Rigid Paddleboards:

Though inflatable technology has vastly improved in recent years, rigid paddleboards, made of fiberglass or other durable materials, will outperform their inflatable counterparts.  For those looking to start paddleboarding, but wanting to have the best-performing platform, a rigid SUP may be the best choice. While more expensive and more difficult to store and transport, rigid SUPs appeal to the purists of the sport.

Lifetime Amped Paddleboard

The Lifetime SUP is an HDPE-constructed rigid paddleboard that has “beginner board” written all over it. Its 11′ long x 32″ wide size is great for those just getting started in the sport.  You can pass the rigid Lifetime SUP down to your kids and grandkids with their unheard-of 5-year limited warranty.  This SUP is a tank that will most likely outlast you.  While it’s not the sexiest board on our list, the Lifetime SUP makes up for it with a practical, durable design at a decent price for a rigid SUP.  If you choose this board, think of it as the beginner’s platform that all of your friends and family will pass around on their way to getting a board of their own.  In a way, it’s the most beautiful role a board can play and for this reason, don’t look past the Lifetime rigid SUP.

Isle Versa Rigid SUP

We’ve been a fan of ISLE paddleboards for a while now.  ISLE is a quality brand with products that are elegantly designed and high quality.  ISLE paddleboards aren’t cheap, but they offer a great product that should last a long time. These ISLE rigid boards are epoxy boards – meaning they are lighter and 35% durable than fiberglass boards – perfect for beginners who may experience a ding or two.  The design of ISLE boards are sexy – they look great and exude quality. The best part? ISLE offers a 60-day trial period on their boards. “Ride it and love it OR return it” as they say.  And if you do keep your ISLE board and run into any issues, a standard 1-year warranty has you covered.

By presenting these top picks, we aim to provide you with a starting point in your search for the perfect beginner-friendly paddle board. Remember to consider your personal preferences, budget, and intended use of the board when making your final decision. In the next section, we’ll share some additional tips to help you make the most of your beginner paddle-boarding experience.

Looking for a list of “must-have” SUP accessories? Check out this article from our friends at Outward Spaces.

Additional Tips for Beginner Paddle Boarders

Congratulations on selecting one of the best paddle boards for beginners! As you embark on your paddle-boarding journey, here are some additional tips to enhance your experience and ensure a smooth transition into this exciting water sport:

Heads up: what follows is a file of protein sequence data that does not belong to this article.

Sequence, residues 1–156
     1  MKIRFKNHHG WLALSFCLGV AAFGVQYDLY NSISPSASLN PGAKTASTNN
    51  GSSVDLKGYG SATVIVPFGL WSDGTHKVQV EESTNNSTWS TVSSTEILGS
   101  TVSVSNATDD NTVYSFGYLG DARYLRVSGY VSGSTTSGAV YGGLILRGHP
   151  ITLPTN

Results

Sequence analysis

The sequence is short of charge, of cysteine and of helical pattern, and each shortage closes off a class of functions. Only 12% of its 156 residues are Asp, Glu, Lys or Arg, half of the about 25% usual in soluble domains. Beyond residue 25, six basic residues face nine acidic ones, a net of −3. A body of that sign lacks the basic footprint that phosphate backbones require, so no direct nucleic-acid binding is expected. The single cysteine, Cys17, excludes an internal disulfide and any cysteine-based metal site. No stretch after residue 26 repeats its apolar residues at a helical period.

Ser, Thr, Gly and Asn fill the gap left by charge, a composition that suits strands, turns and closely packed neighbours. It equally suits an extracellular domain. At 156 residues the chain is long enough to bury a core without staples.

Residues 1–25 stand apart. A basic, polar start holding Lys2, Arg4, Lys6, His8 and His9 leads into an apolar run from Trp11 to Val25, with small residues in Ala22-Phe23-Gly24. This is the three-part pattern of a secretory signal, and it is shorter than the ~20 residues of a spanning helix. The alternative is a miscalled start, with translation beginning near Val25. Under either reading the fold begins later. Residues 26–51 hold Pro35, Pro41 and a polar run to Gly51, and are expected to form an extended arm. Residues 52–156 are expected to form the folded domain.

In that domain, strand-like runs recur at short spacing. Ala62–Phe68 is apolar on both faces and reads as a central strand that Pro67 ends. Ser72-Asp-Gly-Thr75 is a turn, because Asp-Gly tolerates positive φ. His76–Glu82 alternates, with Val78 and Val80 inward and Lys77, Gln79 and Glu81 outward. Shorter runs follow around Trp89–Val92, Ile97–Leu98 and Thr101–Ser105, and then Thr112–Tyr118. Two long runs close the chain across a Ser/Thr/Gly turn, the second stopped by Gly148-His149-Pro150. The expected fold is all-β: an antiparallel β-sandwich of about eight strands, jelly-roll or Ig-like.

Proper Paddle Length and Technique: Adjusting your paddle to the correct length and using proper paddling technique is crucial for efficient and comfortable paddling. Ensure that the paddle is adjusted to a height that allows for a slight bend in your elbows when standing upright on the board. Learn the proper paddling technique, which involves using your core muscles and engaging your whole body for efficient strokes.

Importance of Wearing Safety Gear: Safety should always be a priority when engaging in water sports. Wear a personal flotation device (PFD) or life jacket, especially if you’re a beginner. PFDs provide buoyancy and can be life-saving in case of an emergency. Additionally, consider wearing a leash that attaches you to the board to prevent it from drifting away if you fall off.

Choosing the Right Location for Your First Paddle Boarding Experience: Selecting the appropriate location for your maiden paddle boarding adventure can greatly impact your overall enjoyment. Opt for calm and flat waters, such as lakes, ponds, or calm bays, as they provide a more stable and less challenging environment for beginners. Avoid strong currents, crowded areas, and areas with hazardous obstacles.

Practice Balancing and Basic Techniques: Before venturing into deeper waters, take some time to practice balancing on your paddle board in shallow areas. Get comfortable with the feeling of the board beneath your feet and practice basic techniques, such as paddling in a straight line, turning, and stopping. This will help build your confidence and improve your overall paddling skills.

Learn from Experienced Paddle Boarders: Seek guidance from experienced paddle boarders or consider taking lessons from a certified instructor. They can provide valuable tips, teach you proper techniques, and share their knowledge about paddle boarding safety and etiquette. Learning from others will accelerate your learning curve and ensure you develop good habits from the start.

By following these additional tips, you’ll be well-prepared to make the most of your beginner paddle-boarding experience. Remember to be patient with yourself, have fun, and enjoy the serenity of being out on the water. In the final section, we’ll recap the importance of choosing the right paddle board for beginners and share some closing thoughts.

Older woman paddleboarding in calm marina waters

The Bottom Line

Choosing your first paddle board as a beginner is an exciting and crucial step in your paddle boarding journey. By considering factors such as stability, size, weight, construction materials, and budget, you can make an informed decision that aligns with your needs and skill level.